Before the hour appointed for the meeting the next day, another delegation came over and informed us that the Indians were not yet prepared, that they could not come to any decision as to who should be Chief, and again asked to have the hour of meeting extended to three o’clock, which we did upon the understanding that if they were not then prepared we would return and report the facts to you.

Shortly after, we noticed Thickfoot and his Indians sitting near our tents, and evidently taking no part in the selection of a Chief, so we called him over and found him still disinclined to join the other Indians. He stated that they would not have him as Chief, and that he would therefore remain away. We then explained that he could be head man of his band by being elected a Councilor to whoever would be appointed Chief, and at last prevailing upon him to go with his Indians to the Council tent, we requested the Rev. Mr. Cochrane to proceed to the Indian encampment and state to them that from each band other than the one from which the chief was chosen, a Councilor would have to be taken. By this means we saw our way to satisfy all the bands, and Mr. Cochrane having notified the Indians accordingly, we felt confident the choice of a chief would soon be made; but in this we were disappointed, as a messenger shortly after arrived and said no choice could be made, as Ka-tuk-e-pin-ais would do nothing unless he was chosen Chief. On hearing this Mr. Cochrane decided to visit the Indians in Council, and, having done so, proposed to them that they should elect a Chief by ballot, and having got them all to agree to this proposition, they proceeded to the election. Several ballots had to be taken, and at last resulted in favor of the chief Indian of the Blood Vein River band, Sa-ha-cha-way-ass, and the Councilors elected were the head men from the Big Island, Doghead and Jack-Fish Head bands.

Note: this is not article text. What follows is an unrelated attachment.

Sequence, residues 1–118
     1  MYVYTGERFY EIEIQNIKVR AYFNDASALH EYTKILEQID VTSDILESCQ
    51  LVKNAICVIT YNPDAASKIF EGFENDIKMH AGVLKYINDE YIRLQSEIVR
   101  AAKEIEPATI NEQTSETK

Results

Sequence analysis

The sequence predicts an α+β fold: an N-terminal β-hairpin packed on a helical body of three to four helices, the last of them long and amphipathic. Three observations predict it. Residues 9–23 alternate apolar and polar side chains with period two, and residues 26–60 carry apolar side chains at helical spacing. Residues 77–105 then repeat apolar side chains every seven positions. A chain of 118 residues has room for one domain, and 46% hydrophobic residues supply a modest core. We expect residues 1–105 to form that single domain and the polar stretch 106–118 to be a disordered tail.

At three o’clock p.m., we were notified that the Indians had again gathered, when we proceeded to the place of meeting, and were presented to the Chief and two of his Councilors. Ka-tuk-e-pin-ais, the third Councilor, coming forward, said his band did not want him to act as Councilor; that he had seen the Governor the other day, and had been told by him that he would be the Chief of the Island Indians. Whereupon we informed him that no such promise had been made by you, and that we could only recognize the choice of the majority. He then desired to withdraw from the negotiations, and wait until he saw you, before signing the treaty; but as we had learned that out of the twenty-two families that were in his band, all, with one or two exceptions, had received the annuity since 1870, with the St. Peter’s Band, we made them sit by themselves, and then explained that by receiving the annuity as a large number of them had done, they had really agreed to the treaty and that we were there only to deal with those of the band that had at no time received money from the Queen. Ka-tuk-e-pin-ais then said that there were very few of his Indians that had not received money from the Queen, but that he never had; that he was quite prepared to sign the treaty now, only some of his people did not want him to do so, unless we agreed to give them the Big Island for a reserve. This we at once refused, and at the same time told them that unless he and all his band agreed to the terms we offered them without further delay, they might return to their homes. Hearing this, they all withdrew, but soon returned, when Ka-tuk-e-pin-ais said one or two of his people did not want him to sign any treaty, but most of them did, and that he was going to do so. He then took his seat along with the Chiefs and other Councilors, and we proceeded to explain the terms of the treaty. When we came to the clause referring to the reserves, each band was anxious that the places where they are in the habit of living should be granted them as reserves, and the locations of the same mentioned in the treaty; but as our instructions were positive on this point, we refused but assured them that the names of the places they asked for, we would certainly forward with our report to you, and we stated that with the exception of the location asked for by the Sandy Bar Indians, we felt sure the Government would grant their request, and give them their reserves where they desired. The following were the localities mentioned: —